Community Spotlight: National Hispanic American Heritage Month

Your stories have power. They bring ideas to life and can shape how others see the world. Here at Hearts, we use stories to build community. 

This is one of many posts in our Community Spotlight Series, where we feature Hearts who identify with a group and have important conversations about how we can support one another. 

Throughout the series, we will work closely with these individuals to create an experience where they can share their culture with fellow Hearts. We’ll hear directly from them about their lives, the safe spaces they’ve created to live their truth, and how we can be better allies. 

And then we listen. 

Because more than ever, stories that celebrate our differences need to be heard.

Celebrating Latino culture without limits

National Hispanic American Heritage Month, from September 15 to October 15, invites us to honor Hispanic and Latino Americans’ traditions, culture, and contributions to society. 

The Hispanic and Latino communities are a vibrant and integral part of American society, with rich stories to share that are often passed from generation to generation. This celebration of culture is by no means bound to the official monthlong designation. Let’s take meaningful and continuous steps toward increasing representation in the future while fostering connections within the community in the present.

Here’s what we’re doing to recognize National Hispanic American Heritage Month at Hearts & Science:

Hispanic Heritage Month Pop Culture Trivia (Wednesday, September 27, 2022, at 2:00 p.m. ET for Hearts employees)
Join Hearts & Science and the OMG Unidos Leadership Network for Hispanic & Latin American-focused trivia. Learn about Hispanic & Latin American activists, media, organizations, and more while having a blast with your team. Points collected per team will donate meals to, which will combat hunger in Colombia. Play the game and make the world a better place!

Hispanic Heritage Month 5K Run/Walk
Join the Latinos Run for their annual HHM 5K Run/Walk, which can be completed in person or virtually. There are several dates and locations to choose from. Sign up and be sure to select ‘OMG – Unido Leadership Network’ from the list of existing team names to join the ULN’s team.

Safe spaces to share

Latino pride shapes Edward’s New York upbringing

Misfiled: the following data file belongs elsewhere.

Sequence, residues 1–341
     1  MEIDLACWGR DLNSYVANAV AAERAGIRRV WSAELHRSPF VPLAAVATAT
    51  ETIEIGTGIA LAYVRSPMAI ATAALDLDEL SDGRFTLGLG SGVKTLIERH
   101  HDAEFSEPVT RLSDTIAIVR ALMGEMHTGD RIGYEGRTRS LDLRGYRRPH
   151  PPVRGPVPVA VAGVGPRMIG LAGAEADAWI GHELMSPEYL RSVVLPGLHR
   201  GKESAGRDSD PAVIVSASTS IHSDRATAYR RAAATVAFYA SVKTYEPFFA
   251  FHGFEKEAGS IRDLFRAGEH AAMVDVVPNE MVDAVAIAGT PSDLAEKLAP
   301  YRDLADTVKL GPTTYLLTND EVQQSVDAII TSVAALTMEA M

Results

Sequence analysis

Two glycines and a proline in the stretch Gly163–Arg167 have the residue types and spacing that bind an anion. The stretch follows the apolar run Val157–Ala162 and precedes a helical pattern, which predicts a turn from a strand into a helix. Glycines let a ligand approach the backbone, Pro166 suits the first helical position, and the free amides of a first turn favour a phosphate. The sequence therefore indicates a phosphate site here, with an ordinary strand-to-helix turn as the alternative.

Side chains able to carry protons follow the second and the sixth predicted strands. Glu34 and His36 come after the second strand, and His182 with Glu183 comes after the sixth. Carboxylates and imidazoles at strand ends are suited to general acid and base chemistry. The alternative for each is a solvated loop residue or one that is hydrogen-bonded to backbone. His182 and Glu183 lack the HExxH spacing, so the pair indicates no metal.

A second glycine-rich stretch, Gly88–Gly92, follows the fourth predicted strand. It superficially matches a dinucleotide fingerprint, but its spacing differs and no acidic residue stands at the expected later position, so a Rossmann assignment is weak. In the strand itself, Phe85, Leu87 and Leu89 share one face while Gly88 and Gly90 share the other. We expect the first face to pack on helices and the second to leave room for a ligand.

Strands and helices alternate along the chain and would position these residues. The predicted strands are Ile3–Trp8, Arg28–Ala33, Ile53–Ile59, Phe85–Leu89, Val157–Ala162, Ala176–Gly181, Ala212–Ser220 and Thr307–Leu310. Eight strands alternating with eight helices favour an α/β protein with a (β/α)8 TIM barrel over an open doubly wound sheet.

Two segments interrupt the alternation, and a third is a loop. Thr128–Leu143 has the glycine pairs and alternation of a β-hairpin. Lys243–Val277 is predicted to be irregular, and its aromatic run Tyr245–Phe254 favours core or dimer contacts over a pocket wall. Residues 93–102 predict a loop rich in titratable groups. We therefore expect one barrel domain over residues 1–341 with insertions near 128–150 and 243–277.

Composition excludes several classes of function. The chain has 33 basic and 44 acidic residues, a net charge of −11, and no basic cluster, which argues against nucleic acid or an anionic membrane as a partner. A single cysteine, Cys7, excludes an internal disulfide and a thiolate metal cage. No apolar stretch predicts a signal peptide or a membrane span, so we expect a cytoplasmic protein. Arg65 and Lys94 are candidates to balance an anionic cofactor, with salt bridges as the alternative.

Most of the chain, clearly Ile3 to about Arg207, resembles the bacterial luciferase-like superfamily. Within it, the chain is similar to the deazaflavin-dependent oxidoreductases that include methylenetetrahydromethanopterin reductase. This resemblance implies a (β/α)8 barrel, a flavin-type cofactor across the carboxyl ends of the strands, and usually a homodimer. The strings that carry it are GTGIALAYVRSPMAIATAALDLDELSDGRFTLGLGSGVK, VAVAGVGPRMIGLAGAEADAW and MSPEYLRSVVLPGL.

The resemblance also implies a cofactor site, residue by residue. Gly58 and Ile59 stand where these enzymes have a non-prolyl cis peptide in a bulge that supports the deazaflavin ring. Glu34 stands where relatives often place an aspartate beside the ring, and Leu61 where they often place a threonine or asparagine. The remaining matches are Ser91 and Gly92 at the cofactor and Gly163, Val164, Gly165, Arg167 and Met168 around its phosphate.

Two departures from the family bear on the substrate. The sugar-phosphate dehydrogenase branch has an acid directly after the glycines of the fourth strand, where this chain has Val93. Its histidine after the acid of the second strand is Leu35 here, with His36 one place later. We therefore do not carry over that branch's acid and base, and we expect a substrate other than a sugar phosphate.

Edward grew up in Bushwick, a northern neighborhood in Brooklyn, New York City. The diverse Latino community there was evident even within Edward’s nuclear family roots. His father immigrated to the US from a city on the coast of Ecuador, while his mother grew up in a rural village in the interior of Honduras.

Edward’s parents met at the local church in Bushwick. Attending services there and singing choir in Spanish with the Latino community became a big part of his early upbringing. He lived on a predominantly Puerto Rican block and usually attended the Ecuadorian Day Parade.

“There was a pride within the Latino people I saw growing up every day.” 

While some American kids might have fond memories of Disneyland, Edward took trips back to his parents’ motherlands instead. After the trips, he returned with a newfound sense of gratitude for the things his life in New York afforded him, like sneakers and free education. While he learned to be grateful for those experiences because they opened his eyes to new perspectives on life, it was also quite a contrast to typical American experiences.

“There was always a gap where I felt like an outsider because I didn’t fit into a typical American upbringing.”

Because of these cultural differences, he often felt he couldn’t relate to others. His family did adopt a quintessentially American holiday, though—with a Latino twist. On Thanksgiving, his family gathered to celebrate one another and also share a spread of diverse dishes, including his father’s Ecuadorian-inspired ceviche. This holiday resonated with his family, who instilled in him the importance of caring for one another from a young age.

Edward makes a point to take pieces from each experience that feel authentic to him in forging his own path from his diverse background. Today, he still enjoys traveling, supporting local businesses in his community, and being a dog dad. 

Edward frequents dog parks and always feels a great sense of acceptance among the other dog parents. He loves connecting with others over a love of dogs—who come in all shapes, colors, and sizes. It seems to mirror the acceptance he feels in his diverse Latino community, who are often able to relate to each other through the shared Spanish language.

Edward now works at the NYC Hearts office as the Paid Social Supervisor and is happy to report that he feels accepted there as well—like his voice is heard. 

Pro tip: “Be proud of how you were raised and brought up. Not everyone can relate, but your upbringing is what sets you apart from everyone else, so be true to that without cutting down anyone else.” Edward shares, “Never try to fake who you are.”

Laura reconnects with her roots to unite her identity